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NPR Arts & Life

'If The Trees Can Keep Dancing, So Can I' : A Community Poem To Cope In Crisis

Two women embrace each other

Earlier this month, NPR issued a poetry challenge: submit lines describing how you've been affected by the global coronavirus pandemic.

NPR's poet-in-residence Kwame Alexander pointed to Nancy Cross Dunham's poem, "What I'm Learning About Grief," and asked that submissions begin with those same words.

The responses were deeply emotional and vividly captured some of the ways you are coping with uncertainty and crisis.

As he does with other crowdsourced poems for Morning Edition, Alexander compiled lines from some of the submissions and created a community poem. Contributors are credited at the bottom.

If The Trees Can Keep Dancing, So Can I

What I'm learning about grief
is that it sits in the space between laughs
comes in the dark steals the warmth from the bed covers threads sleep with thin tendrils
is a hauntingly familiar song,
yet I can't remember the words...

What I'm learning about grief
is that it rolls like a heavy mist settles into the crevices lingers on the skin.
Visits, then visits again
Lurking under my chair.
And, when I'm not watching
Reaches out her tiny claws
And bats my ankles —

Grief sneaks up on you.
You find yourself on your couch with a well of rage living in the pit of your stomach and nowhere for it to go.
And, It chokes you.

What I'm learning about grief,
is that it can come like a whisper or storm through loud as thunder
it leaves a hollow, to be filled with a new planting.
And, when you wake for another day that feels oddly the same as the last, It crawls right back into your lap.
an ocean of tears So, you vary the crawl with the butterfly, the backstroke with breaststroke. At some point, drowning is no longer an option.

What I'm learning about grief
Is that it is a language.
Suffering is its own speech
it will not go away just because you won't look it in the eye

He rides shotgun when you go by old familiar places
Eventually, you will get closer and he will say
"See, it's not so bad. I got your back."

This pandemic, this tragedy, this fulcrum of life is a shovel unearthing secrets we wish would stay buried I learn that I am ashamed I love solitude.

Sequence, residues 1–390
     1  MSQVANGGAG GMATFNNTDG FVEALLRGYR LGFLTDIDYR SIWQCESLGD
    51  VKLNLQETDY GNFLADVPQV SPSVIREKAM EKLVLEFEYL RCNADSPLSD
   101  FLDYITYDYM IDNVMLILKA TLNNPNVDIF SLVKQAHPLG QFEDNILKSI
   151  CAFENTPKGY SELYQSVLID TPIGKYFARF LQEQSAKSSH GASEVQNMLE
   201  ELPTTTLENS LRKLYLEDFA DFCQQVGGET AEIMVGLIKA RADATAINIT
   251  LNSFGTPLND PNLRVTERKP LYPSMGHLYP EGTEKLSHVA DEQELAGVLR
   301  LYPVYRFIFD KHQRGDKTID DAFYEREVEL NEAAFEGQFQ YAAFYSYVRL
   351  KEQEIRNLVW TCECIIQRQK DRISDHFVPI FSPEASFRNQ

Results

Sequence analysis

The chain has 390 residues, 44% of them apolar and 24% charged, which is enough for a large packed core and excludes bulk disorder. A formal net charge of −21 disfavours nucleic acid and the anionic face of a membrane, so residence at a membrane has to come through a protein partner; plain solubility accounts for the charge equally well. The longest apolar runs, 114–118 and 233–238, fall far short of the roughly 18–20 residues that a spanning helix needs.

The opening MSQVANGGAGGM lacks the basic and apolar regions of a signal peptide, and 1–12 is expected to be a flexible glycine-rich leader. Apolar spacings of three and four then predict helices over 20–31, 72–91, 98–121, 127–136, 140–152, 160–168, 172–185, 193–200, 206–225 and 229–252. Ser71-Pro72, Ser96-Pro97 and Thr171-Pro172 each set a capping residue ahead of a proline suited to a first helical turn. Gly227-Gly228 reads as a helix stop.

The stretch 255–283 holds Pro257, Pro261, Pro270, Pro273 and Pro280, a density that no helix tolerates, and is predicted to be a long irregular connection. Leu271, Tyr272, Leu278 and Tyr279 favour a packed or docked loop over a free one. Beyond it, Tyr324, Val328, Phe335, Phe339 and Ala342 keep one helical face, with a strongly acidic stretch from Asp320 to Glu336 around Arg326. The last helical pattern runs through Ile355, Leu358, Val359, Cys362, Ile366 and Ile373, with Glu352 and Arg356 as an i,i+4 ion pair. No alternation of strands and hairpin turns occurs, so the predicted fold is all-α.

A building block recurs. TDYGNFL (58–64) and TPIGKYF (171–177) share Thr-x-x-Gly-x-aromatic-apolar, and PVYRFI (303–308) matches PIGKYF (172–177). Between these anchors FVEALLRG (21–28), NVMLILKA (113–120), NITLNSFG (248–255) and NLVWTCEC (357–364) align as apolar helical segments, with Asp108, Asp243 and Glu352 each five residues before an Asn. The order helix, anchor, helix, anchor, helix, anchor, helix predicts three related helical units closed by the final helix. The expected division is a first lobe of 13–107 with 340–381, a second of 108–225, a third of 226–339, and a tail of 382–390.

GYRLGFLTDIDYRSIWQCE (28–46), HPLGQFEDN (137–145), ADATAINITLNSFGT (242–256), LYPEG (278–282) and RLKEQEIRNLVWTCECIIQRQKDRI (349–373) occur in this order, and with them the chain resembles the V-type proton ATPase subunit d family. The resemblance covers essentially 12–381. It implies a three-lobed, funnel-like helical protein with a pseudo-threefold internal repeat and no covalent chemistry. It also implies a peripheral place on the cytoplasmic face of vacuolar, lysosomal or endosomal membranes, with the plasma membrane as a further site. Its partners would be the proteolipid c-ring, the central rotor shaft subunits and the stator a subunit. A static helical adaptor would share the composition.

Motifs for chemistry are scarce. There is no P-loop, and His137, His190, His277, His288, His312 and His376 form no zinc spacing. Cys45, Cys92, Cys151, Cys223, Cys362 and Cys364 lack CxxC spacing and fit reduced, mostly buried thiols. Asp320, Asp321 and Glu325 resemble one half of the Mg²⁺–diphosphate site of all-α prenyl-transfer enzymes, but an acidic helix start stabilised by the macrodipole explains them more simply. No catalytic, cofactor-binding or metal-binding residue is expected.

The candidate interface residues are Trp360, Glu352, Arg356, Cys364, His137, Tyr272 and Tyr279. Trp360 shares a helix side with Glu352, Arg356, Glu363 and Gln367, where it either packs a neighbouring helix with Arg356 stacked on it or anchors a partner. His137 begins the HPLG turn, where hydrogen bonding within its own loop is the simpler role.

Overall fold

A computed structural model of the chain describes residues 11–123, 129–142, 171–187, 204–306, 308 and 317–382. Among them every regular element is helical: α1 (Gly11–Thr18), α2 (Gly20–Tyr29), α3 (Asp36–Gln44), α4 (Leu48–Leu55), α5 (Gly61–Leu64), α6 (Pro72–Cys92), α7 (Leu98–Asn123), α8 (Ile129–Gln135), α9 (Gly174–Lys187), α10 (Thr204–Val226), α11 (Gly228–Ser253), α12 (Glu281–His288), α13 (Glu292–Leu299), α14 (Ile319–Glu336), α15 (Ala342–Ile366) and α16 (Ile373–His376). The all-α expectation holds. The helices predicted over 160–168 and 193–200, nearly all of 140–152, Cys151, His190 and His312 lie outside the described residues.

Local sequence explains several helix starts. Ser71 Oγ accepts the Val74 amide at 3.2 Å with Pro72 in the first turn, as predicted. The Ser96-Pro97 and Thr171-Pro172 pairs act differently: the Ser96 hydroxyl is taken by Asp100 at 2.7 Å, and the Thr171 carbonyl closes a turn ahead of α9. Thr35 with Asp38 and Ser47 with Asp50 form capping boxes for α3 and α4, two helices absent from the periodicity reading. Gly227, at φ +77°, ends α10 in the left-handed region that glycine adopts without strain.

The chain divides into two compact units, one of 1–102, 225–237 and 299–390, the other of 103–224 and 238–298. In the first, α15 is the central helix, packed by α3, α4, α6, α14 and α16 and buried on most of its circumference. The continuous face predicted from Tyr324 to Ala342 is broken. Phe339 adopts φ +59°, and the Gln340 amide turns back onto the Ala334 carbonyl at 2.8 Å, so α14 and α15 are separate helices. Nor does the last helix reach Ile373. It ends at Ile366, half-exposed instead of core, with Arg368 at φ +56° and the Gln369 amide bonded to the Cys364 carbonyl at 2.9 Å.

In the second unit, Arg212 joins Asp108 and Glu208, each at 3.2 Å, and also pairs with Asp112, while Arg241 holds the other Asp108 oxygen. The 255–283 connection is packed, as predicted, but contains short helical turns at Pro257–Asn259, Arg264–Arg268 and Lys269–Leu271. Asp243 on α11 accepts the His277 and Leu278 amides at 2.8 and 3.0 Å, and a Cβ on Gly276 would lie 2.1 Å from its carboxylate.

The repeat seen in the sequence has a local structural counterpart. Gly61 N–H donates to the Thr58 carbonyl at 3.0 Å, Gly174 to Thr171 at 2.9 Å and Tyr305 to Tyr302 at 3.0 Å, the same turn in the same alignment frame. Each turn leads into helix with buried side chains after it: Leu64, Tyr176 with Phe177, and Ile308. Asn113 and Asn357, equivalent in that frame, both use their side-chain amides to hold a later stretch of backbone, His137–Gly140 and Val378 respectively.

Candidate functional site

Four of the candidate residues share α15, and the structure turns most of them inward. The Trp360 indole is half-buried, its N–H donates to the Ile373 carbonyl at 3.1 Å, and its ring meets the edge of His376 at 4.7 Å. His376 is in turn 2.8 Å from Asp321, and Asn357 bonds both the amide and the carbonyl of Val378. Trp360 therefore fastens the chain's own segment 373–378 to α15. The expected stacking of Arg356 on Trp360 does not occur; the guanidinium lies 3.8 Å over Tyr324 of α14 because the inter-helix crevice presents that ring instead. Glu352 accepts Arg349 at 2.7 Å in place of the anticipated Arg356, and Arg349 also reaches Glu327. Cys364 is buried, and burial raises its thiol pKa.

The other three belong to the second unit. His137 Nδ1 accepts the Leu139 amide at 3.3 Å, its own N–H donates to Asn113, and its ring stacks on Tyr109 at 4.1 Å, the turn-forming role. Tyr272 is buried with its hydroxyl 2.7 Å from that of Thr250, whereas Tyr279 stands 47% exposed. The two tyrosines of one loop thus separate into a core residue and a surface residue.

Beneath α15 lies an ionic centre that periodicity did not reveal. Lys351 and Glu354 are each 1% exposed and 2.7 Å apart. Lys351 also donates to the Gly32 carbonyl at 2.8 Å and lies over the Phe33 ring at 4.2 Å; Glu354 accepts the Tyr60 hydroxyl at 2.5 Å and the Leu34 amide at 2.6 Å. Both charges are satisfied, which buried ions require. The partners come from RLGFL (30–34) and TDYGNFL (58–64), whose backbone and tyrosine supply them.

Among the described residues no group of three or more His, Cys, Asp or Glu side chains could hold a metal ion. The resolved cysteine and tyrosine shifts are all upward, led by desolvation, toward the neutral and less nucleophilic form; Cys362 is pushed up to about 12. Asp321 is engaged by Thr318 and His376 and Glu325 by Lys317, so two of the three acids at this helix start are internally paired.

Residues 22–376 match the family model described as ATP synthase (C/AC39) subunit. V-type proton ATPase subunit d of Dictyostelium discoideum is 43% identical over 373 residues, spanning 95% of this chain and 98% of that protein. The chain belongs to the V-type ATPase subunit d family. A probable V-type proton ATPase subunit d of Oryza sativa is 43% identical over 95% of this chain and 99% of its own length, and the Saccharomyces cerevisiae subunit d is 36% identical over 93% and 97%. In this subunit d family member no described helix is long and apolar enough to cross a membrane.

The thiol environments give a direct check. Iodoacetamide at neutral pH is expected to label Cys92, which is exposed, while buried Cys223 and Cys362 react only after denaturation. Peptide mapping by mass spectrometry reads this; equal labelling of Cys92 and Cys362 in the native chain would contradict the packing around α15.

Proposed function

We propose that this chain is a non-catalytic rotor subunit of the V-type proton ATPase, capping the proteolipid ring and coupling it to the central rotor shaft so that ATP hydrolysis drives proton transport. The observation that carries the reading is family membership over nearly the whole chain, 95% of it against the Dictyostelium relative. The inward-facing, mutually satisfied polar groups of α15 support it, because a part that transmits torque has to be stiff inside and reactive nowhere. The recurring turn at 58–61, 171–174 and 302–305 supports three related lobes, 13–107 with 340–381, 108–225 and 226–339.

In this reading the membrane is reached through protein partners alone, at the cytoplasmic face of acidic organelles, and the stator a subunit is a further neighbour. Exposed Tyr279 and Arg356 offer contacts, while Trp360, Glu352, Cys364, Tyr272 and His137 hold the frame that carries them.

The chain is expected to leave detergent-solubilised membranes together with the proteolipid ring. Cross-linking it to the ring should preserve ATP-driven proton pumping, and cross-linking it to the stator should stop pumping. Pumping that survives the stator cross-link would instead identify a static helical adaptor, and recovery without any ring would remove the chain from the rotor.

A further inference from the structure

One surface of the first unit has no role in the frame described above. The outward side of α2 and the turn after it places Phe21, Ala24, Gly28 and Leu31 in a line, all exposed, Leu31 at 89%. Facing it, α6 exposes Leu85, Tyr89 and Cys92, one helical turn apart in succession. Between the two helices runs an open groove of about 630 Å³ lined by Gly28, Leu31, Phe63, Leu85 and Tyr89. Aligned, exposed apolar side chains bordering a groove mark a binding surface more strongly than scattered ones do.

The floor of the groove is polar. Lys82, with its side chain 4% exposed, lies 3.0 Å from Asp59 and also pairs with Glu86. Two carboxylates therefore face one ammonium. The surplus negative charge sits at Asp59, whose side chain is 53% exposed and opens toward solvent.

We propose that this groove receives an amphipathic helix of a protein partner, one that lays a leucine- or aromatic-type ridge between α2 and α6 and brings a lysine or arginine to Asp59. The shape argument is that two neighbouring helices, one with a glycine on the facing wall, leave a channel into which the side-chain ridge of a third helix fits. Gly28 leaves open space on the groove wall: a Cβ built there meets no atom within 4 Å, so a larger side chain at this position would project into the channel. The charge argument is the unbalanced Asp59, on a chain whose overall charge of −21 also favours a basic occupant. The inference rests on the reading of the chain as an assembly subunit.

Hard times call for soft people. There is softness in stillness, in staying home, in distractions deleted, in a togetherness that stretches great distances.

What I'm learning about grief
is not found in mint leaves, floating in a glass of tears boiled thrice over.
It is an acquired taste which we never crave

It likes nachos
Staying up late
Watching Scandinavian murder shows
Sleeping in
And eating cake for breakfast.

it drips, like water, It gets in everywhere
through the small unseen fissures in the ceiling. You can ignore it like dust.
Just keep yourself too busy with laundry and living.

Grief shows up unannounced
Like when your husband tells you last October
That he's never loved you
And wants permission to leave

So you burrow the ache into carefully guarded well
And wonder if that means the memories have to go there too

What I'm learning about grief
is that it can turn you into someone you don't want to be, can help you become someone you never thought you could be
is that it transcends color, race, Religion, gender.

is that it's an old lover that won't leave. trying to hold your hand again –
that it aches in the arches of feet
that its mother is loss, its father, change
Make room for it.

Is that tiny losses add up
The missed first party my son was to attend
The school days he yearns for with his friends I tell him it will be over soon

What I'm learning about grief
I learned a long time ago.
Knead grief, as you would bread.
Weave grief, as you would thread.

there is no vaccine against it — we can't develop antibodies against it, it is something I have and something you have — but in these times it is something we have

It is anger and denial
It is chaotic laughter from splintered memories
It is jagged cries and single tears
It is numb and indifferent
It is the pinprick of light, promising
A slow semblance of normality returned

What I'm learning about grief
Is to acknowledge its presence
Its many forms and guises
Then, to use it, while reaching out
Connected To everyone who is braving this same storm

What I'm learning about grief is that it is still learning about me
Learning that I am strong and resilient
If the trees can keep dancing,
So can I.


This community poem was created using submissions by:

Jim Binford, Louisville, Ky.

Holly Redmond, Dayton, Ohio

Jennifer Sharpe, Phnom Penh, Cambodia

Alicia Richarte, San Antonio

Destiny Gayz, Philedelphia

Ami Simpson, Montgomery, Ala.

Nikki Simchuk, Seattle

Helen O'Connor, Friday Harbor, Wash.

Molly Kelly, Chicago

Tim Stary, Wichita Falls, Texas

Paul Love, Austin, Texas

Michelle Nickol, Tucson, Ariz.

Michaela Esau, Hutchinson, Ka.

Elizabeth Greene, Wilmington, Del.

Elda Mengisto, Lynnwood, Wash.

Michael Hess, Albuquerque, N.M.

Melissa Blankenship, Cochran, Ga.

JoAnne Jensen, Phoenix

Patricia Mosco Holloway, Denver

Tracy Engle, Roseville, Calif.

Stephanie Hubble, Howell, Mich.

Heidi Armbruster, Brooklyn, N.Y.

Margaret Keir Berg, Grafton, Wis.

David Nelson, Des Moines, Iowa

Jasper (13 years old), Clinton, N.Y.

Delroy Roomes, Mishawaka, Ind.

Bailey Gartman, Asheville, N.C.

Angela Winfield, Auburn, N.Y.

Amy Diber, Klamath Falls, Ore.

Judy Chaet, Asheville, N.C.

Lisa Reeves, Buffalo, Mo.

Michael Ruffin, Yatesville, Ga.

Sonnet Medrano, Austin, Texas

Copyright 2020 NPR. To see more, visit https://www.npr.org.

Corrected: April 30, 2020 at 12:00 AM EDT
A previous version of this story misspelled Tim Stary's last name as Start.

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